While the present is dreary, the future is limitless. But for us to survive that long, the people need to make themselves heard, after taking a cold, hard look at the religious cretins and greedy free-marketters who got us in this spot in the first place. Republic Windows, the Cincinnati Zoo, even Obama’s election – proof positive that we can do it. We simply need to demand some very serious changes. Oh, and as a condition for any federal loans or grants, let’s demand the immediate resignation of all CEOs and top execs in the Big Three Auto companies, Bank of America, CitiCorpse, and other Wall Street white collar crime organizations.

(An apology. Her name is not Pelousy. I promise never to deliberately use Pelousy in an article. I will refrain from calling her Pelousy in discussions. I will not succumb to such childish moves like identifying her as Pelousy. From this moment, when discussing Pelousy, I will spell her name correctly, and never again as Pelousy. Using Pelousy is simply wrong.)

16 Responses to "Let’s Fasten our Seatbelts. We live in interesting times"

  1. AustinRanter  December 9, 2008 at 2:48 pm

    DejaVuAllOver, with all due respect, I’m not finding where I posted anything related to the following:

    “And you’re not correct in saying that science deals only with the provable; theoretical physics, for example, deals in “thought experiments” using mathematics, with little, if any empirical data. All scientific questions started their “life” as philosophical ones. In time, the data came.”

    Not sure where you might have found comments as noted above in any of the seven points that I made? I think they are more to the opposite in which I believe that the goal in science is to find preponderance of evidence regarding any theory. There’s nothing set in concrete in all of our known knowledge about anything.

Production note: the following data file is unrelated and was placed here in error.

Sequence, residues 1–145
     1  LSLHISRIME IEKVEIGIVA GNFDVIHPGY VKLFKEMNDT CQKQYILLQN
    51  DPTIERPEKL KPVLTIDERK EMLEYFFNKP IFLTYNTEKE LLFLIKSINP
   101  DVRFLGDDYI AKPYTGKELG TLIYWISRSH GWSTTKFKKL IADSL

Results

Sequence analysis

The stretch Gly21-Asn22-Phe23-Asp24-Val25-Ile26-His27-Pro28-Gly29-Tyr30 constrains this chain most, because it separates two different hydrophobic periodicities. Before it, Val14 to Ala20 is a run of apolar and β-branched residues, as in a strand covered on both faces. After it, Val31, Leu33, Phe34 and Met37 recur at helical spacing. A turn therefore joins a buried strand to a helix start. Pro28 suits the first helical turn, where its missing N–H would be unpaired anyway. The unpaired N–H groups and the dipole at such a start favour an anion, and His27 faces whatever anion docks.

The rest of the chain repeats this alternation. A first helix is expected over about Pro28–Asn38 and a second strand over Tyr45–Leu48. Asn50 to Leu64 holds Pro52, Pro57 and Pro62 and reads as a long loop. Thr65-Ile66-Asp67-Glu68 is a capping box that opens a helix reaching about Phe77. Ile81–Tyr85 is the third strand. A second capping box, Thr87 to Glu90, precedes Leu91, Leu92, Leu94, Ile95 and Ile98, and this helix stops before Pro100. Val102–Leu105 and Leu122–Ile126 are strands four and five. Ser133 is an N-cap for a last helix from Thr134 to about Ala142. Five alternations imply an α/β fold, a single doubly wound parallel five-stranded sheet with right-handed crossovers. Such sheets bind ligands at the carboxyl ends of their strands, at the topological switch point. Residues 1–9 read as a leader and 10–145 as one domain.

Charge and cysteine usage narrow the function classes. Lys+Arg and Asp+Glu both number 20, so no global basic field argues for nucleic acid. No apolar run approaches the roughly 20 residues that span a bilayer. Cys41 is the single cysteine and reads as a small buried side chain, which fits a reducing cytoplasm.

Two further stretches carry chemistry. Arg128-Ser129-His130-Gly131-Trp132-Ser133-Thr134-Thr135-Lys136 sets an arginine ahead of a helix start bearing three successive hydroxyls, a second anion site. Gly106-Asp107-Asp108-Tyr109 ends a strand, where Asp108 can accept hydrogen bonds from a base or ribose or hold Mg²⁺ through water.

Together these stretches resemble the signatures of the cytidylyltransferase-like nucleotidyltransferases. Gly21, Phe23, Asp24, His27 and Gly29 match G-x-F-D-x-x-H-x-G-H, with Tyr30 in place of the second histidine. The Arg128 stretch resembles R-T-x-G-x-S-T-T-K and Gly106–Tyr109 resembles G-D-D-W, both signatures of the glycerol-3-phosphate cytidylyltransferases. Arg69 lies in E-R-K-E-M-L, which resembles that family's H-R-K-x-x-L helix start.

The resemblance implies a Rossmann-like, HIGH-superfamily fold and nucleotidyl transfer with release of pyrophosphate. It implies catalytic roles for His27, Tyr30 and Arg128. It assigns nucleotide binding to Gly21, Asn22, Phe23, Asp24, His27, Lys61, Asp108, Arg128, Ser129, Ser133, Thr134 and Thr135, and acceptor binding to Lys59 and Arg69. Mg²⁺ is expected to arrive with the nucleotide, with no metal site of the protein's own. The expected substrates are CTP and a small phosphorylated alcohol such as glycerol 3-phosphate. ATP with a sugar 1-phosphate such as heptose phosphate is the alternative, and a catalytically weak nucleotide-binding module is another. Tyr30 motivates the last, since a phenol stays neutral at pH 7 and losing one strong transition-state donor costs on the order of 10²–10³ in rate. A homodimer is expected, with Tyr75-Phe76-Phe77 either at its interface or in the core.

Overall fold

I also believe that my seven points are pretty clear about the search for knowledge begins with a thought, or as you say…”as a philosophical idea”. How else could a hypothesis or prediction be created by a scientist to even begin to test or experiment?

    I don’t subscribe that anything is completely provable at this point in time…at least here on our planet. I don’t at all see that science is driven by mere provability. If that were so then knowledge as we know it would be extremely stifled. You know the old saying, “One thing leads to another”. Knowledge is an ongoing building process. So many times while we test and observe one experiment, we suddenly discover new things, ideas, knowledge that lead to other discoveries.

    I suggest that you carefully re-read the seven points that I made.

  2. DejaVuAllOver  December 9, 2008 at 3:42 pm

    Austin, six of your seven points started with derivatives of the word creationism. Your seventh point is true, but represents about 30% (+/- about 70%) of the work scientists do.

    I think you have a lot to learn about science in general and the I.D. theory, specifically. I recommend starting with European and Japanese periodicals, as scientists of those cultures are better able to address true scientific questions without the dogma and baggage of either religious wackos or uneducated critics in the general public.

    Since this topic has strayed far from home, I’m done, now.

  3. AustinRanter  December 9, 2008 at 4:08 pm

    DejaVu..

    Touche’ on straying. I’ll not press the issue any farther myself. Perhaps we’ll have another time and place to continue.

    Sorry, Rob and other contributors, for drifting off.